"What's the second best way?"

Memories from my coaching career focus more on personal interaction than high achievement. I suspect this is true of many former coaches.

A few weeks ago in a Facebook group former coaches were asked what prompted them to leave the profession. The reasons given can be grouped into three main categories: Finding better paying jobs, needing more time for family responsibilities, and poor working conditions. As a general rule, sport coaching, especially at the youth level, requires long hours for low pay, and is often not a full time job. Not surprisingly, attrition from sport coaching is high. But regardless of why posters said they left, many responses were tinged with nostalgia, joy, regret, and the occasional touch of bitterness.

In 2008 I went to work at the United States Sports Academy, thus ending a 30-year coaching career. The new job featured regular hours, better pay, and free weekends. It was a good move for me.

The post brought to mind memories from my own coaching days. Coaches know that the job is not always fun and occasionally includes unpleasant challenges. But it's often said that we only remember the good things about past experiences. This is probably where the notion of Type II fun comes from, remembering difficult times through the lens of an idealized past.

Two stories from my own career stand out. The first started innocently enough in a swimming lesson and evolved into a weirdly named teaching maxim, the other comes from a pre-race discussion I had with an older athlete that has since become my favorite coaching story.

The grandmother rule

Anyone who has worked with young children knows that there is always at least one 5-year-old in a group who thinks he's 30, and who adopts adult mannerisms much to the amusement of his parents or, in this case, his swimming instructor. One particular 5-year-old appointed himself as my assistant in a learn-to-swim class and 'helped' others in the class by explaining my instructions to his classmates.

One of these classmates was another 5-year-old who had a swimming style that was so violent I was surprised that her limbs were still attached to her body after each attempt to swim across the pool. To the uninitiated her swimming might have looked like she was drowning or being attacked by a shark. I would tell youngsters like this to make whatever they did "look easy" and to let them figure out how to do it.

This time I pointed to her grandmother who was sitting on the bleachers at the side of the pool and asked the girl, "What would your grandmother do if she thought you were in trouble?"

"She would help me."

"How?" I asked.

"Maybe she would jump in?" she offered, looking for the right answer.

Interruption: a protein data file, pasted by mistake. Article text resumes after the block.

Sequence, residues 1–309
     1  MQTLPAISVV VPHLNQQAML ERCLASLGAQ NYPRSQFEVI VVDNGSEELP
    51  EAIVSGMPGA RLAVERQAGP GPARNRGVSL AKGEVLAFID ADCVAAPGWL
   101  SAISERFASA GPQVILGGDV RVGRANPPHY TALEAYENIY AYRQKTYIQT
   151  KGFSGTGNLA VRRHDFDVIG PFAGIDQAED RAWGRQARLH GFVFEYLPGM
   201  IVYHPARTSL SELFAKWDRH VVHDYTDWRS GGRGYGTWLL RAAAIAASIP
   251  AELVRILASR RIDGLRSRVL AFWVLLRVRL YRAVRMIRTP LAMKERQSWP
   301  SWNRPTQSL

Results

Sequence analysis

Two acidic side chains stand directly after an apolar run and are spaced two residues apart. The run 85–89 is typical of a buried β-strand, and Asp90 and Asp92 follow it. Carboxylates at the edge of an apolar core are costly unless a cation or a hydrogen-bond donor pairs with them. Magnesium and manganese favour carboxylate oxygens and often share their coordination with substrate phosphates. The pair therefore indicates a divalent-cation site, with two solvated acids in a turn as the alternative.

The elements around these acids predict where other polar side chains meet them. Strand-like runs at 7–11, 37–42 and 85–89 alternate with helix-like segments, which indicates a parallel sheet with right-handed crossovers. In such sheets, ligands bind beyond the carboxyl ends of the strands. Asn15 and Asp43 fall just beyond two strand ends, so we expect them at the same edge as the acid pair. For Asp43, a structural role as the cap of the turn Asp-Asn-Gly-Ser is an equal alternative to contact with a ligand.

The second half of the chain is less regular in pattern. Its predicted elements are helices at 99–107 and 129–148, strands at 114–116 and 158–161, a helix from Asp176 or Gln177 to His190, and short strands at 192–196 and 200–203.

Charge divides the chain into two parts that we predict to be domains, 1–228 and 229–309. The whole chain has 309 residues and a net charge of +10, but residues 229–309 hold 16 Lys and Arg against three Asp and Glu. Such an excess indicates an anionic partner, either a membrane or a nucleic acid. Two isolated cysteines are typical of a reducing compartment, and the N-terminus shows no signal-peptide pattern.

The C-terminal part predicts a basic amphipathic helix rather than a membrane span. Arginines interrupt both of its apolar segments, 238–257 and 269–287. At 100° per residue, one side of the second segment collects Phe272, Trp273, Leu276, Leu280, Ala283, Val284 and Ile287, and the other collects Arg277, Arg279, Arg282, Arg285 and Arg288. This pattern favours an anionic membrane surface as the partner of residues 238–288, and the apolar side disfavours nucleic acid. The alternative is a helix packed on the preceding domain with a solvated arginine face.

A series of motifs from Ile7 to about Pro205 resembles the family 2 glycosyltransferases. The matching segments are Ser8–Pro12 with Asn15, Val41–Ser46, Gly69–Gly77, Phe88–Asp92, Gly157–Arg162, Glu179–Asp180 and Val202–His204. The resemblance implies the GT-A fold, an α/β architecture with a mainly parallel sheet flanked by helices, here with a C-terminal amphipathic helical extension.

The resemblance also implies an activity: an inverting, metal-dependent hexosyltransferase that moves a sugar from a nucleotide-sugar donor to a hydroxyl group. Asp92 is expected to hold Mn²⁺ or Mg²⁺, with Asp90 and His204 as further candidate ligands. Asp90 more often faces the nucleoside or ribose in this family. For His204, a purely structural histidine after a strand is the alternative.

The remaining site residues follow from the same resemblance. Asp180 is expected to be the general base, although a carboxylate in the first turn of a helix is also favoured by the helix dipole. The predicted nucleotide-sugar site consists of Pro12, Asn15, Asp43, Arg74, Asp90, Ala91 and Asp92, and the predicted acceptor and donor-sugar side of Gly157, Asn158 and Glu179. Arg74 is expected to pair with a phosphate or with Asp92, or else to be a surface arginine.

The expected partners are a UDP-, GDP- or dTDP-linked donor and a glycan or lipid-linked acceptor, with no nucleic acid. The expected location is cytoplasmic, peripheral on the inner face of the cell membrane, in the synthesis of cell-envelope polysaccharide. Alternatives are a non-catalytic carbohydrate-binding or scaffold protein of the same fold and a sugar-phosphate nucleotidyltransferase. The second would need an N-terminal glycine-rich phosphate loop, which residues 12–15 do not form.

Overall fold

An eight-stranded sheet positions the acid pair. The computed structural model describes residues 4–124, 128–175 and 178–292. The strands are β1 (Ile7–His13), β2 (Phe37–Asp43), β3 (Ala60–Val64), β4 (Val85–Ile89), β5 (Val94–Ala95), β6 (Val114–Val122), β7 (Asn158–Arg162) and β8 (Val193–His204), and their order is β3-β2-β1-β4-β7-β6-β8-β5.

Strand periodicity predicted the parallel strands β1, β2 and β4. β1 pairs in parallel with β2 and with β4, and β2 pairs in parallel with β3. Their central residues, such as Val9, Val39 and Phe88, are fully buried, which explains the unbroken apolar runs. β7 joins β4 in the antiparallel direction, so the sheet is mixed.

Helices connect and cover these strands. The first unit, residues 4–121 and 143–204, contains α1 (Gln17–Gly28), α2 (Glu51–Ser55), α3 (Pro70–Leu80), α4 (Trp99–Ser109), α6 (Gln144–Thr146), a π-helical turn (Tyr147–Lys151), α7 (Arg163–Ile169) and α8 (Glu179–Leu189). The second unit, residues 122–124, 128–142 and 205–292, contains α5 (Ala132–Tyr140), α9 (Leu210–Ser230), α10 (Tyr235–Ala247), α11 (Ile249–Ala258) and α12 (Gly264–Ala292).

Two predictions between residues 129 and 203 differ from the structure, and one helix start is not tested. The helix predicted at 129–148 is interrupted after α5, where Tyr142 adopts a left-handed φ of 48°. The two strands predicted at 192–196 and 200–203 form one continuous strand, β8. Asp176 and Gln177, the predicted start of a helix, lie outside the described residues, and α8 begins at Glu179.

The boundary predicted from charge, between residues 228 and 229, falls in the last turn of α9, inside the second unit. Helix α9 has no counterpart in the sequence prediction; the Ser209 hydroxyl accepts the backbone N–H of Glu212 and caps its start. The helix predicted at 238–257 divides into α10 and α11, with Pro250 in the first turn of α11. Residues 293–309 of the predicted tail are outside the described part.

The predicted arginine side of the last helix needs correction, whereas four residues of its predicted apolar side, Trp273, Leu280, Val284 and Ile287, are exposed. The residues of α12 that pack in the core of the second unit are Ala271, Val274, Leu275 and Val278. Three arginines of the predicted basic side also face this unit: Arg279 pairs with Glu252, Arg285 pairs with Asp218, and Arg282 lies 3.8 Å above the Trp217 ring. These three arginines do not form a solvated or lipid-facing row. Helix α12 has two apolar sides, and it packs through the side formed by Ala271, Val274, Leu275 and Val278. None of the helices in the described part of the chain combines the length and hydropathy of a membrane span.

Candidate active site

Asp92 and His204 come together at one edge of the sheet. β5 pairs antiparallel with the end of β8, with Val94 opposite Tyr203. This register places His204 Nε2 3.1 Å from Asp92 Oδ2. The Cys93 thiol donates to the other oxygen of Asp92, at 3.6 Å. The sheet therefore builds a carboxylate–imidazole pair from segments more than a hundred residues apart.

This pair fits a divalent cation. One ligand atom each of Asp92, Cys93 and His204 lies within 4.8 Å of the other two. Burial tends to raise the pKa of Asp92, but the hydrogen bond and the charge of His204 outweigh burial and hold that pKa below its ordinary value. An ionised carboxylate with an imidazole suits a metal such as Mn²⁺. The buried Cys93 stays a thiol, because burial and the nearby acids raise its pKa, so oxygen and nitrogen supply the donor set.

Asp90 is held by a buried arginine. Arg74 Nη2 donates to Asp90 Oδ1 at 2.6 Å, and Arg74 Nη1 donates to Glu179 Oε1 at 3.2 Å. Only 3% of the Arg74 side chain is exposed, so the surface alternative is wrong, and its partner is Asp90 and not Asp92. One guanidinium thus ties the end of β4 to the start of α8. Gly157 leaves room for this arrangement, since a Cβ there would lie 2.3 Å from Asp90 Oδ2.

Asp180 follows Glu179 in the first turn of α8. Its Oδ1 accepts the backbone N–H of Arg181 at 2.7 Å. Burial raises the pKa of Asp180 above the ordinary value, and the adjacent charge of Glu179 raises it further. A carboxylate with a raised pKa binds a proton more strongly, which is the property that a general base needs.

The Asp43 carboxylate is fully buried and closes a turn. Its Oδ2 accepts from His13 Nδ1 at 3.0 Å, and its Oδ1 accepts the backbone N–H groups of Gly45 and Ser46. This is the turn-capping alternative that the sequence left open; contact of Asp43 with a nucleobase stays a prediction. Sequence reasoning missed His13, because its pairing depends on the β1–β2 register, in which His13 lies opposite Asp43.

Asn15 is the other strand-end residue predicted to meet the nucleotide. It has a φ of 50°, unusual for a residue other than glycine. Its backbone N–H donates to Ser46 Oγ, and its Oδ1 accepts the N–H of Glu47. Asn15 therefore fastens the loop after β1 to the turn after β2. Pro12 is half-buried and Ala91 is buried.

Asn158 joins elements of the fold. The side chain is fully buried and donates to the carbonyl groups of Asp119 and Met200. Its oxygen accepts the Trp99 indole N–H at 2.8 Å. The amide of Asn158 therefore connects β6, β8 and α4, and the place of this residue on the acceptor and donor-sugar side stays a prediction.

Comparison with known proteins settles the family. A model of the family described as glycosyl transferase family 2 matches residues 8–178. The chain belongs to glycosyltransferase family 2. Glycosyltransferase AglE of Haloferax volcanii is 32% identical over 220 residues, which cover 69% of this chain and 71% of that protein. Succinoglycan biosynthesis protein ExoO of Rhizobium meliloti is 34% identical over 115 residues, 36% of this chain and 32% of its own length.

"Do you want to ride home with a soaking wet grandmother? You need to slow down and make it look easy," I said.

At this point my young assistant, who was right there in the huddle listening to every word with the oldest, most serious look on his face that a 5-year-old could muster, chimed in, "There's nothing worse than a wet grandmother!"

Thus was born the "grandmother rule." Make it look easy! It's a story that I also got a lot of mileage from with older athletes because it conveyed a concept important to good technique: The fastest swimmers are able to make their races look effortless.

The second best way

My favorite story occurred at the end of an exhausting, 3-day swimming competition. As the meet ran through its final events on Sunday evening everyone was tired; some had long drives home ahead of them; energy levels were low. Anyone involved in swimming knows the feeling. I imagine other sports have their analogs.

As one of my athletes was preparing for her last race of the long weekend she asked what the best way was to swim the 200 backstroke. Jokingly I said, "Fast." She looked down, thought for a second, then looked me in the eye and asked, "What's the second best way?"

I laughed then and I laugh now every time I think about that. Some coaches may have scolded her for a poor attitude, but sometimes we get so trapped in the orthodoxy -- the sport-think -- that we miss the best parts of what coaching is about, things that will really leave a mark in the years ahead. As Andrew Bernard said in the last episode of The Office, "I wish there was a way to know you're in the good old days before you've actually left them."

The second best way underlines that we work with athletes who bring different motivations to our clubs and teams. Not everybody has a go-for-the-gold mindset. Within youth sport's culture of achievement though athletes learn skills and attitudes that just might come in handy later on.

Glad to have done it, but not sad it's over

That was the sentiment of many of the commenters in the FB group; they may have moved on from coaching but the time they spent doing it was remembered warmly.

It's unfortunate that the job of youth sport coach is not yet seen as a legitimate career choice with the salary and benefits that go along with that status. Commercialization of the youth sport industry is slowly changing this but that creates different problems.

Do I miss it? The profession has changed a lot since I left in 2008 and while I'm glad I did it once I've never been tempted to do it again.